20 Feb 2020
3rd Global Ministerial Conference on Road Safety
Minister Eneroth, Commonwealth Ministers, UN Special Envoy, Mr Todt, ladies and gentlemen. I am delighted to welcome you all to this special lunch at the 3rd Global Ministerial Conference on Road Safety. I am especially grateful to our Swedish hosts for making this lunch possible today. Here in Stockholm we have the important responsibility not just to review progress but to set new global road safety objectives for 2030. In 2018 I was honoured to represent the UK at the last United Nation’s General Assembly debate on road safety and called for a three-point plan of stronger political commitment, more funding, and a new target to halve road deaths and serious inquiries. I am, therefore, especially pleased to see that the Stockholm Declaration adopted here today endorses all these essential commitments.
The task in the decade ahead is to move beyond merely stabilising the number of road deaths to substantially cutting them. That’s why the target to halve road deaths and serious injuries by 2030 is so important. With concerted effort it is achievable. But It is certainly is not the limit of our ambition. Here in Sweden, of course, it is especially appropriate to endorse Vision Zero. Our aim is to achieve a world eventually free from the scourge of road traffic injury.
If there is one single tragic fact about road transport that should capture all our attention it is this. Road traffic injuries are now the leading cause of death for children and young people aged 5 to 29 years. It is the most natural human instinct to protect our children and yet today we expose them to the greatest risk of lethal injury on our roads. In support of the UN’s Sustainable Development Goals, much is being done – and rightly so – to protect under-fives from the risk of malnutrition and life-threatening diseases, and yet relatively speaking far less effort has been made to make our roads as safe as possible for children and young people.
But to overcome this neglect we must redouble our efforts and create new partnerships for road injury prevention; and that is why I am proud to serve as the patron of the recently established Commonwealth Road Safety Initiative. Our aim is to put road safety on the Commonwealth agenda. This would be timely, as in June the next Commonwealth Heads of Government Meeting, will be held in Kigali, Rwanda. And it would appropriate, as across its 54 member countries the Commonwealth countries suffer over 500,000 road fatalities every year.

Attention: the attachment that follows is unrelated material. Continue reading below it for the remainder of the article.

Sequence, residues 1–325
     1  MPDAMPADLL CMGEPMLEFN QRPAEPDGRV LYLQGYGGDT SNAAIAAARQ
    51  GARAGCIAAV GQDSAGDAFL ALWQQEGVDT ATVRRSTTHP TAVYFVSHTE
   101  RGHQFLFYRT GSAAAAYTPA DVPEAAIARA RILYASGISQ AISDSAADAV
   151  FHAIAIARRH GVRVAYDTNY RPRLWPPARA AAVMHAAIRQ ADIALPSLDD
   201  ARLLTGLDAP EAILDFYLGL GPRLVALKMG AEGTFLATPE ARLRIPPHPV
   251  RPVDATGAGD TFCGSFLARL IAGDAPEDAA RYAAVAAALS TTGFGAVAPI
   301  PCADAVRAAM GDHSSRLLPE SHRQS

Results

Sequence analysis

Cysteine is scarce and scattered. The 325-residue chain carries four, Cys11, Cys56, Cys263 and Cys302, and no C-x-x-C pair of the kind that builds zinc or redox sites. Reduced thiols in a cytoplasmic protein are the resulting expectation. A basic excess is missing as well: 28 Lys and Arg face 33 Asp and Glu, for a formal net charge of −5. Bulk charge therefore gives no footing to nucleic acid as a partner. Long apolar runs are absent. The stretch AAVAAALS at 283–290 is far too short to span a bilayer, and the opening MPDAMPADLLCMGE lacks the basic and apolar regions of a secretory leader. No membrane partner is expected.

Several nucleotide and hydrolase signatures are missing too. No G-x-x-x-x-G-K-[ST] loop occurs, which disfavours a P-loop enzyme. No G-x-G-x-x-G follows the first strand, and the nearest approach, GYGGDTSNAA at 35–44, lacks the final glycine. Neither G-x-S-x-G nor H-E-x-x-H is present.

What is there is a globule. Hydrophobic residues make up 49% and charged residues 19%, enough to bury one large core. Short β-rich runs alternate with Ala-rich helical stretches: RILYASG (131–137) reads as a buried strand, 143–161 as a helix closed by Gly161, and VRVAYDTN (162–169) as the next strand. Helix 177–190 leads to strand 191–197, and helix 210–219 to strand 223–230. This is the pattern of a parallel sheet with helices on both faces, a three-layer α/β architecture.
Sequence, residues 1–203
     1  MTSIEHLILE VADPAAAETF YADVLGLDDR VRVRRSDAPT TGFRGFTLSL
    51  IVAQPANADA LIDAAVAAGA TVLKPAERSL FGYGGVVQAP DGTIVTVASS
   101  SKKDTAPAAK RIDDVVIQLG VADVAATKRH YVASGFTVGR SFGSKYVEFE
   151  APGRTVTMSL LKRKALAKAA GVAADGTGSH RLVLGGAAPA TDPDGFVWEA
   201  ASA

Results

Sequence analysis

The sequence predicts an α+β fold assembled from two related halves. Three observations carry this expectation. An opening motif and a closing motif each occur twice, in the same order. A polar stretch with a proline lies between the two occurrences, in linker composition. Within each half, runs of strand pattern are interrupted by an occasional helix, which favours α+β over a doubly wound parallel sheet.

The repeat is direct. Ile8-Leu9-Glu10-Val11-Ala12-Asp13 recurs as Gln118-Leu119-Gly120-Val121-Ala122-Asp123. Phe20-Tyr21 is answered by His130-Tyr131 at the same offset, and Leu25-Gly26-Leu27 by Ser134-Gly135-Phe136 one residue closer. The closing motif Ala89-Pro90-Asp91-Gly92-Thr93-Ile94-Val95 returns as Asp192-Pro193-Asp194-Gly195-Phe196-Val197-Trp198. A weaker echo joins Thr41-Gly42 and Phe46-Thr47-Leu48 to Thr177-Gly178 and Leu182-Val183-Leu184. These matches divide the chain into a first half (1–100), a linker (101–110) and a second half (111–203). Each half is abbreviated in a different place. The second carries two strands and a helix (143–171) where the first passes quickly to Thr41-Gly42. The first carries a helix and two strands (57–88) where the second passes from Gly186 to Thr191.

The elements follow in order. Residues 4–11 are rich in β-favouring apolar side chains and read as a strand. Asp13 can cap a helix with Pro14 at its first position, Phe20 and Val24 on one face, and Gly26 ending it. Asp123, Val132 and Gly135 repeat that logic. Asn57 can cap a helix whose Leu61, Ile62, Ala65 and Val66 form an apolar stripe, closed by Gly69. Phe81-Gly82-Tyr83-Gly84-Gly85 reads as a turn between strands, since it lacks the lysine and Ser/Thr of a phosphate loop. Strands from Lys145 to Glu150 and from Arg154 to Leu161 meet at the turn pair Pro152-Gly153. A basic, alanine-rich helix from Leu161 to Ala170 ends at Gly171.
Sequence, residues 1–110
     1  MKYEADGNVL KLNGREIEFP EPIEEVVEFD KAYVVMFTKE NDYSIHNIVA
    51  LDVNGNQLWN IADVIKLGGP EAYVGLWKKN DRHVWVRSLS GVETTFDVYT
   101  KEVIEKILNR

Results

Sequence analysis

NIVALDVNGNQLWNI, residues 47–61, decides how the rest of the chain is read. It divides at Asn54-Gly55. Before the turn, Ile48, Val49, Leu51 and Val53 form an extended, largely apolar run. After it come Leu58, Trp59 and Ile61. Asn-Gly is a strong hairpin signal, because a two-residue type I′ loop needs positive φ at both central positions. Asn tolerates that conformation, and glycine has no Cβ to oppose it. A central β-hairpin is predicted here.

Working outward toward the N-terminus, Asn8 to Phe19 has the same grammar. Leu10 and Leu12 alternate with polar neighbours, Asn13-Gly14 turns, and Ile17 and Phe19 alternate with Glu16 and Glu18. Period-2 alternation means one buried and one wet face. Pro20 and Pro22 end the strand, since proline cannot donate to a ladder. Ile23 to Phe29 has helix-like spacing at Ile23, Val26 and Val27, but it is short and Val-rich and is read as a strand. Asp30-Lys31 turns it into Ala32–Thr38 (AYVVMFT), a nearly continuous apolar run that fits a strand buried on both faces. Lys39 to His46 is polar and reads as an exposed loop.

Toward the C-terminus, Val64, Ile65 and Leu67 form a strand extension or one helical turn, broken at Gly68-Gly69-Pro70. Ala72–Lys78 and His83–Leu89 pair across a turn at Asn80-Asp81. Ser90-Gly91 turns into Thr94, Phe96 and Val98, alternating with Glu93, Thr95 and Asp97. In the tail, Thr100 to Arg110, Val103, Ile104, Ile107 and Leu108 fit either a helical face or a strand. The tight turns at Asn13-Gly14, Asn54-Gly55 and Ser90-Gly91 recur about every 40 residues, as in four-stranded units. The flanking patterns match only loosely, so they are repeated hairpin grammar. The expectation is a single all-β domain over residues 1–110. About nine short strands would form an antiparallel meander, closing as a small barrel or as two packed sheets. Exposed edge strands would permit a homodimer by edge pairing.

The wide disparity in road safety performance among Commonwealth countries (ranging from 3 to 35 per 100,000 population) shows that there is huge potential to share best practice and promote capacity building in road injury prevention. The Commonwealth has a proven track recorded of encouraging this kind of knowledge sharing. It promotes networks of expertise and shared interests in every world region. The work of the Commonwealth Parliamentary Association, the Commonwealth Local Government Forum, and the Commonwealth Youth Council are great examples of this kind of international co-operation.
I think it would be tremendous if these networks could be utilised to promote road injury prevention. But to unlock this potential will require Commonwealth leaders to add road safety to their existing commitments to health, young people, and the sustainable development goals.
A compelling case for Commonwealth Heads of Government to include road safety in the Kigali Communique has been made by the CRSI. Our expert panel co-chaired by Dr Agnes Binagwhao and Iain Cameron, has offered recommendations that would help all Commonwealth countries meet the target to have road deaths and serious injuries by 2030. Our Memorandum to the Kigali Heads of Government meeting is available for you to all today. It demonstrates how the Commonwealth can take on a unique leadership role in global road safety.
But to make this happen will require strong political commitment and enough countries willing to include road safety on the Commonwealth agenda. So I am counting on all the Ministers and Government representatives here today to carry a message back to their capitals next week. Let’s put road safety on the Commonwealth agenda! Let’s embrace all the recommendations of the Stockholm Declaration, and across the Commonwealth together dedicate the next ten years to making roads safe for us all, but especially for children and young people.